New Democratic Party of Canada (Jack Layton)
Jack Layton is telling all the world that he doesn't want an election right now - which is ironic, as he's spent the vast majority of the past 2 years voting against the government on just about every single confidence motion that's come forward. Indeed, Layton has been BEGGING for an election since about 5 minutes after Stephane Dion won the leadership of the Liberals. He's counting on the fact that the Tory "not a leader" ads have sufficiently stigmatized Dion that he can capture some of the soft leftist support the Liberals traditionally hold. He's probably not going to - it's a 2 horse race, and everyone wants to back a winner.
What they're gambling on: That Dion is going to make a major mistake during the campaign, shifting exasperated Liberals over to the NDP side for this-go-round. And that Union leaders will jump on the bandwagon once they realize what the Green Shift is going to mean for manufacturing jobs.
Bloc Quebecois (Gilles Duceppe)
The BQ is looking nervously over its shoulder at the gong show that is the Parti Quebecois provincially, and knowing that unless they can paint Harper as a wolf in sheep's clothing and take back the seats the Tories won in 2006, they're headed for the same fate. With Harper far from shy in his pandering to the people of Quebec these past 2 years, the Bloc is in for a long, tough fight.
What they're gambling on: A slip-up in the Tory campaign that allows one of the Western stalwarts (again, I'm betting on Rob Anders) to make an "on-the-record" comment about what they believe "Stephen Harper REALLY thinks about Quebec...". Failing that, an endorsement from Celine Dion?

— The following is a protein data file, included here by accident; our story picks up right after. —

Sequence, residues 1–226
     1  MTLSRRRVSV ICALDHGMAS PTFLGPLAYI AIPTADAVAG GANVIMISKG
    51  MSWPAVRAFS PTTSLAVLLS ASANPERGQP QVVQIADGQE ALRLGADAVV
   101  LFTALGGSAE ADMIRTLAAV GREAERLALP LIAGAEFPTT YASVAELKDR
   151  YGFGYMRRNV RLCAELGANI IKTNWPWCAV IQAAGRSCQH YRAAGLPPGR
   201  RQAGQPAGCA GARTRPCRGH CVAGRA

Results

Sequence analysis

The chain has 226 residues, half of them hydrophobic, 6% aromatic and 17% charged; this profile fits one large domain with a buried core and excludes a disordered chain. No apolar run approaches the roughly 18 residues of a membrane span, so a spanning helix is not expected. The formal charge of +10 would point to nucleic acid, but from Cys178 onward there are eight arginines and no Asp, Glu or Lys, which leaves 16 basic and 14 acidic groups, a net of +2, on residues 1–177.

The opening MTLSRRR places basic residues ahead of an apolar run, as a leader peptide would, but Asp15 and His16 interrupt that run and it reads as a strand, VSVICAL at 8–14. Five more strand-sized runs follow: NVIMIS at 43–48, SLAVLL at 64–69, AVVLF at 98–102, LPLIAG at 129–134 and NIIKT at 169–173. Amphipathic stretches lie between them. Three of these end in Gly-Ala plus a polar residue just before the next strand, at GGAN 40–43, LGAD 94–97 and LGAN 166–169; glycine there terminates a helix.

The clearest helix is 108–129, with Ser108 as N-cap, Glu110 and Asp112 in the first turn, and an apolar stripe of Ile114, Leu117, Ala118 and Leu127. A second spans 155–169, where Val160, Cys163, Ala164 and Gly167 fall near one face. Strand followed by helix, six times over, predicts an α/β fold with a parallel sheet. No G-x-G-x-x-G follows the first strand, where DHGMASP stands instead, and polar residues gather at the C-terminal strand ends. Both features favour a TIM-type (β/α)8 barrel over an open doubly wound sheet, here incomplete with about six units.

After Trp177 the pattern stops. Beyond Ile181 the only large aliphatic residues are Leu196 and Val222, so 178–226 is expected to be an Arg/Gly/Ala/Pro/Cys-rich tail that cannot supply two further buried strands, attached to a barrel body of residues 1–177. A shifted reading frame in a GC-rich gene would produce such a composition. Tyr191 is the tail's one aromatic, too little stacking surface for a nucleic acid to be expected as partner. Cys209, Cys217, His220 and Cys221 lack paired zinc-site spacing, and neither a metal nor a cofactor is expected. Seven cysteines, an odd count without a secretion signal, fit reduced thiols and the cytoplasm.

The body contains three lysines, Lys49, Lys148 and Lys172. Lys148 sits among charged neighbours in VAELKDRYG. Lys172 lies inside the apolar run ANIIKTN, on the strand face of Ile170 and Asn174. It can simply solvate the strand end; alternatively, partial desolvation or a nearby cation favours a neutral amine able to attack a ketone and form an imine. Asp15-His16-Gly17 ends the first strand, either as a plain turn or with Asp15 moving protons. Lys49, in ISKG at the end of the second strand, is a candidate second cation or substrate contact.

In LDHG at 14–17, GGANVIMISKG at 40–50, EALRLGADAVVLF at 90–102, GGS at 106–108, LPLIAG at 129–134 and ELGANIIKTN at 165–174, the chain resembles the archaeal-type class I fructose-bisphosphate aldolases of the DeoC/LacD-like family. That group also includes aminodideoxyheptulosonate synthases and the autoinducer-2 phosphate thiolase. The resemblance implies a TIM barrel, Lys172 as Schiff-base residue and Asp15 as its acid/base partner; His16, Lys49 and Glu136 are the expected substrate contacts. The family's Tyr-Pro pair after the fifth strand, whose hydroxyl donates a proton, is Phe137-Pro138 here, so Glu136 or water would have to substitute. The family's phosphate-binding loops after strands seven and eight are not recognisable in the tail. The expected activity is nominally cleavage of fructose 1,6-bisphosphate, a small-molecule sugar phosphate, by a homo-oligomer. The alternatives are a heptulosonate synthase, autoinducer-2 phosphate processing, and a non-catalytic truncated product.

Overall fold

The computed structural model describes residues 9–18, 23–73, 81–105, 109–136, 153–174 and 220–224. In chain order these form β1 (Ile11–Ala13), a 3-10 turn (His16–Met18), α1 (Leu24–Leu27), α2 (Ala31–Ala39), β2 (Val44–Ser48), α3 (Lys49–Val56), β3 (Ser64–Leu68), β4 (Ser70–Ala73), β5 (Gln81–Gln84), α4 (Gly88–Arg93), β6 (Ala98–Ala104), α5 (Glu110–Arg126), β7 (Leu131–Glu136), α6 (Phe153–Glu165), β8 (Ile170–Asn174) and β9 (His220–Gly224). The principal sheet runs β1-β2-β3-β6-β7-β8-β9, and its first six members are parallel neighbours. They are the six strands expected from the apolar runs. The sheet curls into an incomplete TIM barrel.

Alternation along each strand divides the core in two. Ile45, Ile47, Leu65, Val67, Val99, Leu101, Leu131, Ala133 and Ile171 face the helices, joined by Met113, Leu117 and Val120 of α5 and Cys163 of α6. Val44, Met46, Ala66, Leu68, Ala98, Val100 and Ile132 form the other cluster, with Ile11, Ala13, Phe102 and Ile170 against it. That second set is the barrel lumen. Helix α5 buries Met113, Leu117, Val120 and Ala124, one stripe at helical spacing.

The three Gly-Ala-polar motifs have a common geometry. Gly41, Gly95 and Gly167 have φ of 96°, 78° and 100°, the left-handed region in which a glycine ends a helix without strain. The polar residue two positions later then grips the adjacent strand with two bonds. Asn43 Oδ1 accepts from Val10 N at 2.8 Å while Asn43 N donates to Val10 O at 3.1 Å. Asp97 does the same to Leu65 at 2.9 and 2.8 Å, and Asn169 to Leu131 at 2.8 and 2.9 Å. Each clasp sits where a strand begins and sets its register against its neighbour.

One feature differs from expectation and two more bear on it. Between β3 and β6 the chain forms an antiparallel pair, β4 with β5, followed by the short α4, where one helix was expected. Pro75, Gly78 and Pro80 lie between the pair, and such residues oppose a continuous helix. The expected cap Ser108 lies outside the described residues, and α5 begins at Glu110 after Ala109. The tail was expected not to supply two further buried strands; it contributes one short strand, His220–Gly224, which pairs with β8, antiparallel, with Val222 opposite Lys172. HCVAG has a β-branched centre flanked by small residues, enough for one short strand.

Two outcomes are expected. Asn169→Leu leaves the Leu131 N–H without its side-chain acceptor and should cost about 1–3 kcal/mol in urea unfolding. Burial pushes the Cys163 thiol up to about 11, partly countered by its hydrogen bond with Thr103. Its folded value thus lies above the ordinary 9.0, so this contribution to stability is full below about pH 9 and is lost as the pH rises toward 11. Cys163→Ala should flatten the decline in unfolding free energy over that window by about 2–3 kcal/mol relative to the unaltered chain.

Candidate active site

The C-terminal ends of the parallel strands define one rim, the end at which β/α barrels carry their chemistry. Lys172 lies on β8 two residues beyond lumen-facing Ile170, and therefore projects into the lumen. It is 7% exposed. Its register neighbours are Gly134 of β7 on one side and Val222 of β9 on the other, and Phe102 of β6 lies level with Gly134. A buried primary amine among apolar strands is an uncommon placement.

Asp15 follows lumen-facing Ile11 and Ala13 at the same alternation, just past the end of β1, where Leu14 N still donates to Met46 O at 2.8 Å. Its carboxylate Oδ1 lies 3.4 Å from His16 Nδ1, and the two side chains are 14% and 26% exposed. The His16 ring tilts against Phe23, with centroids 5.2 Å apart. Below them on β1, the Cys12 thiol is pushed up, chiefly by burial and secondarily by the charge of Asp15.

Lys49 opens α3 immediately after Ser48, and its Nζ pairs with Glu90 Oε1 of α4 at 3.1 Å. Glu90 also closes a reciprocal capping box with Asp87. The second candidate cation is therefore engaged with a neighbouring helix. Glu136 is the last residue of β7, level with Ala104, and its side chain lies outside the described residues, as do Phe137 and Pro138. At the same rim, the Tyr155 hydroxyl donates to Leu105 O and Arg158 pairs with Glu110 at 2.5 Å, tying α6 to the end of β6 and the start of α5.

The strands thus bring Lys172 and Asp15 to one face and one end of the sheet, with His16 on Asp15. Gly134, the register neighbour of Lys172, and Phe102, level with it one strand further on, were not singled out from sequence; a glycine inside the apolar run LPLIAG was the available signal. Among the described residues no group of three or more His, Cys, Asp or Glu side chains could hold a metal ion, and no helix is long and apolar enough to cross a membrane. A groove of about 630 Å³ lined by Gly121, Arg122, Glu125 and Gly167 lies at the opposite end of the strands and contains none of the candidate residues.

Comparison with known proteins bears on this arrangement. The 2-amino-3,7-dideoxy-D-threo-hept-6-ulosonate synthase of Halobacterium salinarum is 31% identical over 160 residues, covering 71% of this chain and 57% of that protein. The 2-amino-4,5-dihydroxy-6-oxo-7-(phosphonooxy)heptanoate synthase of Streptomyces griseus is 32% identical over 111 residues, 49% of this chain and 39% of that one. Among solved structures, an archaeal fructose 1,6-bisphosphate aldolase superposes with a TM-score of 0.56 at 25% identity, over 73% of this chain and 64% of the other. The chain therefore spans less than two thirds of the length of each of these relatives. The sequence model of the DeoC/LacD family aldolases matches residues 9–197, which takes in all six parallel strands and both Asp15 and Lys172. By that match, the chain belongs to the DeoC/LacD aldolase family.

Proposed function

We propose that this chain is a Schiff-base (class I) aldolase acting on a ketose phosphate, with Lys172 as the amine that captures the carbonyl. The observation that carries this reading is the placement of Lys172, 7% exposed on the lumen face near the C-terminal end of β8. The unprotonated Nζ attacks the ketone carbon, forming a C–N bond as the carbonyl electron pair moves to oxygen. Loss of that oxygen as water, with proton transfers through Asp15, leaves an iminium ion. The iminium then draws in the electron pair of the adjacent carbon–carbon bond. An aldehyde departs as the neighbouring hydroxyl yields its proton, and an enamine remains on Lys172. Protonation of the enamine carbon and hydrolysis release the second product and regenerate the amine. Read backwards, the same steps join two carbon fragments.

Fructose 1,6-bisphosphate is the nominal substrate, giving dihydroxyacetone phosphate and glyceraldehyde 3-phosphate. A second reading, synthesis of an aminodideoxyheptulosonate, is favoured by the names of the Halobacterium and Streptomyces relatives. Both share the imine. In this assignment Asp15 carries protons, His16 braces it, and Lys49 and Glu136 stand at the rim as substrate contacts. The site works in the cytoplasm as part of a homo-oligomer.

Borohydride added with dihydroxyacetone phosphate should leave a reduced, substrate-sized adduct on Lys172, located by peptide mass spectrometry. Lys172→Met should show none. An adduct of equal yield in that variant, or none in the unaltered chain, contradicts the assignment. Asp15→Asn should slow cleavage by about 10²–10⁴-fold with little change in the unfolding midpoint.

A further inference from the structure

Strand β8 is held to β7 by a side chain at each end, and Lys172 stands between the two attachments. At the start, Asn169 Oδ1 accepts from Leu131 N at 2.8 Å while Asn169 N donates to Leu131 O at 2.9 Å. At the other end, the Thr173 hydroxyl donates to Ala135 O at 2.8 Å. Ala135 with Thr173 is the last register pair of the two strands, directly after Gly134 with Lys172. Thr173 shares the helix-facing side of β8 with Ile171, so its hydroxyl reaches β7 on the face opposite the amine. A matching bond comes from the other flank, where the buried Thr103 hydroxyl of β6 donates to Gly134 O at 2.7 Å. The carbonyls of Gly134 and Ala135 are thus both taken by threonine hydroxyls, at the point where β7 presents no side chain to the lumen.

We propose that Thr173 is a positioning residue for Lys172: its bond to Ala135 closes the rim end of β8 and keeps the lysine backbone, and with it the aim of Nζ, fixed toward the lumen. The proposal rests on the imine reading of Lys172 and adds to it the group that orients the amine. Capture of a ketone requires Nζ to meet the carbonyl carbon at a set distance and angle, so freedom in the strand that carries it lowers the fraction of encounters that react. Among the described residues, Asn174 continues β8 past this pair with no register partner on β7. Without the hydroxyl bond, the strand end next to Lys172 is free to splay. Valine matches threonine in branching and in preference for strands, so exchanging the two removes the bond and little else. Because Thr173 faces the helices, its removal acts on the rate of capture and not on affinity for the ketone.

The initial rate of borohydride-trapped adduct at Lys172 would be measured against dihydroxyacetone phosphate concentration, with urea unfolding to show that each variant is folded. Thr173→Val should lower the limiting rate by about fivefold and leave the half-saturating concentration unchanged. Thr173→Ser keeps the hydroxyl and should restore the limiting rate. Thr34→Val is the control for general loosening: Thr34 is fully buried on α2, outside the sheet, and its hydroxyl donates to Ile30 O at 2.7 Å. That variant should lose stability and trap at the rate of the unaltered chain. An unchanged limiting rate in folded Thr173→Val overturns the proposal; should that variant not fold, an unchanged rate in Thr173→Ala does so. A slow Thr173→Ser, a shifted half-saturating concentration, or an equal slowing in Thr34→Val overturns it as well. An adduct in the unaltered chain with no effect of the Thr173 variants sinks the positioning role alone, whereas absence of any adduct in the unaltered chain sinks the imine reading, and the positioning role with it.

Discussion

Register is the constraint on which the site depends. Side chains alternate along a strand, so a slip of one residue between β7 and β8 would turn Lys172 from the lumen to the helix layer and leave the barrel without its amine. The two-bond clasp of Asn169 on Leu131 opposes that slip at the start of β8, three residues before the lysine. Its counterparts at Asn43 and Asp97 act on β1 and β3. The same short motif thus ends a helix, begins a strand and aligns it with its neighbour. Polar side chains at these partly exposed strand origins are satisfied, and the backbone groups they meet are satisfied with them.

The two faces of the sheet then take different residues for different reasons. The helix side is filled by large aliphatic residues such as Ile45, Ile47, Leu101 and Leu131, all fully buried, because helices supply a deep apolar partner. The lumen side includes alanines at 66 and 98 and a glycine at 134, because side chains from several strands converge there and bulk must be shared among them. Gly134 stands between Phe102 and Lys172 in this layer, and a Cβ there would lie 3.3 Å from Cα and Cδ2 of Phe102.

Green Party of Canada (Elizabeth May)
The Greens are starting to stake out the same kind of territory federally that the Alberta Liberals have, provincially... pouting, and blaming the voters for being stupid enough not to elect them. So long as this party's leadership looks and seems more like a local PETA chapter than a political party that can run the day-to-day business of government if elected, voters will continue to reject them. The recent putsch of most of the people in the Greens who actually know how to, well, run a campaign is probably going to negatively impact their efforts to get elected. The Greens would DEARLY love to elect at least ONE M.P. this time around... but if they do, it will be DESPITE the party's leadership, not because of it.
What they're gambling on: An invitation to the televised debates, and that the other leaders will develop rabies shortly beforehand. A heat-wave in September that sees the average temperature in Whitehorse sitting at plus 45. Peter MacKay decides not to run for re-election.
Good to be back - now, let's get this over with.
Just close your eyes and think of England...